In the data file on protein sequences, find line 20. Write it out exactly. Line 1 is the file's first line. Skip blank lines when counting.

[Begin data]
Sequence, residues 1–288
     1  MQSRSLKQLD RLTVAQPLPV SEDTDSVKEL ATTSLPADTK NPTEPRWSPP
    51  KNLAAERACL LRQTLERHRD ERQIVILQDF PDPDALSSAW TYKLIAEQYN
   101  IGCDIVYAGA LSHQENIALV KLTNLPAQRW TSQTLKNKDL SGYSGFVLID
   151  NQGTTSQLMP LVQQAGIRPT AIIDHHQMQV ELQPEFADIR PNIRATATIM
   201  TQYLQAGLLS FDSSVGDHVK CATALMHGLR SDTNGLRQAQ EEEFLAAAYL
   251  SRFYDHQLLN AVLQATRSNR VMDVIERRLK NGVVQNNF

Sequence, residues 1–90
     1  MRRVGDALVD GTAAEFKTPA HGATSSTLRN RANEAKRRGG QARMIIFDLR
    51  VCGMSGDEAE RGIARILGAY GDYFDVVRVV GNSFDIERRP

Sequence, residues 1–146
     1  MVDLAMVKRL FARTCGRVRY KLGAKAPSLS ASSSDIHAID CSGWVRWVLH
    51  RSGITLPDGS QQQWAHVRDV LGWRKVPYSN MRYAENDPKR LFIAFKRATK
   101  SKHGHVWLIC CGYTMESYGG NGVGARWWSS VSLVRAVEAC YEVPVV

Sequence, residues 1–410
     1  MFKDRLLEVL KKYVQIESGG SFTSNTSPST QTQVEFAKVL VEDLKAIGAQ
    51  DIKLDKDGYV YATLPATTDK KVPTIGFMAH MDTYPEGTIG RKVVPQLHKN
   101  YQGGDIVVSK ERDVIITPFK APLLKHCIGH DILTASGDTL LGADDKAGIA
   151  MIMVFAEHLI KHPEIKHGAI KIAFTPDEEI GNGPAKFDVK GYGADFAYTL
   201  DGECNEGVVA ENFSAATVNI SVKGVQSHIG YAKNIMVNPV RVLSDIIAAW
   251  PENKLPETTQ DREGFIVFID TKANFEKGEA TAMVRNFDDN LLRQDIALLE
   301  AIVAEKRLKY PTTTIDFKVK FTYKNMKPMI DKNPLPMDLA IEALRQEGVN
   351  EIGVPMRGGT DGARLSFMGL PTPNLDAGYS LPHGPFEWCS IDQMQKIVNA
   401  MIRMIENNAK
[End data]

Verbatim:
   201  DGECNEGVVA ENFSAATVNI SVKGVQSHIG YAKNIMVNPV RVLSDIIAAW